The world of non-commercial film and A-V
|The Film and Video Institute||Join us on Facebook|
BIAFF 2010 results | To Full
Making Of Index
At BIAFF 2010 Beveridge-Brown Productions won a 4-Star Award and the prize for Best Entry by under-16s with Deception.
That's how this big war time epic began really, from two boys' imaginations, already in the midst of other films. We have both been making films since we were very young, since we were able to hold a camera in fact.
|Adam Beveridge, the director, has always been gifted with a great
imagination, being able to turn simple shots into interesting compositions
and our framing was devised from these great visions.
Sam Brown's ability to play a character was essential in making Deception so believable. He has had this talent since his young childhood and training at "Focus on the Arts" an acting group targeted at young people.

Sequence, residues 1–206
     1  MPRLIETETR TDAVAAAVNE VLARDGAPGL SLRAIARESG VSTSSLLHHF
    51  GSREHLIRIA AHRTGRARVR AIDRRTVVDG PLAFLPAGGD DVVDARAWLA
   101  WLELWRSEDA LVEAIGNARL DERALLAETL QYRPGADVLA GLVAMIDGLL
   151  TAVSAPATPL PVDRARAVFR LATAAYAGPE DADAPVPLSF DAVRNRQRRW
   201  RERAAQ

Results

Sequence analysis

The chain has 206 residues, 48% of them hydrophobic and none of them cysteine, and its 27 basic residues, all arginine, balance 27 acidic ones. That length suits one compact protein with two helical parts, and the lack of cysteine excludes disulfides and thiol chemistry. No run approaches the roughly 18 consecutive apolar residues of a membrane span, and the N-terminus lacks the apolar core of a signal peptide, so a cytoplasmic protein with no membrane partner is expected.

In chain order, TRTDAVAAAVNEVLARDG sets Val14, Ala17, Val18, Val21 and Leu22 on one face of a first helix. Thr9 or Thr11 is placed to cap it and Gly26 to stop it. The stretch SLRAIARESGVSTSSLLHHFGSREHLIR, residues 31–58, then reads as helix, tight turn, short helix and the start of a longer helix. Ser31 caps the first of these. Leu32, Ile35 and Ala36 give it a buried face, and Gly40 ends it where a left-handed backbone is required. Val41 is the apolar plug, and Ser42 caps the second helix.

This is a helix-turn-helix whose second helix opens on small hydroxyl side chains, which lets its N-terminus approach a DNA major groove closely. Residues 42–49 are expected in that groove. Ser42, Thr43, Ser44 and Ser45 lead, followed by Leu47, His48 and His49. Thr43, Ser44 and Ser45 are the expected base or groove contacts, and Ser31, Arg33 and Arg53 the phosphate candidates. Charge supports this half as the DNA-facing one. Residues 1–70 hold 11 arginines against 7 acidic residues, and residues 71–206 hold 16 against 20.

our own filming company Beveridge Brown Productions ( BB Productions)
and have been making films since 1999.
Our first was a documentary on The Bluebell Railway, at age 12. We had never really made anything properly. Previously we shot just wild playground games filmed in our bedrooms. The Bluebell Railway as this 20 minute documentary was entitled was to give us a good starting point, being something easy to film and focus on, whilst providing some interest, particularly for Sam, who is a steam enthusiast.
This was a small success providing us with a good footing in the OVFM (Orpington Video & Film Makers) film club and building quite the reputation for being "rising stars" After this we embarked on short dramas, some of which have won awards at Orpington and Kent.
|Deception came about in early 2009. We had planned to visit
the Isle of Wight in early July, to use the magnificent scenery available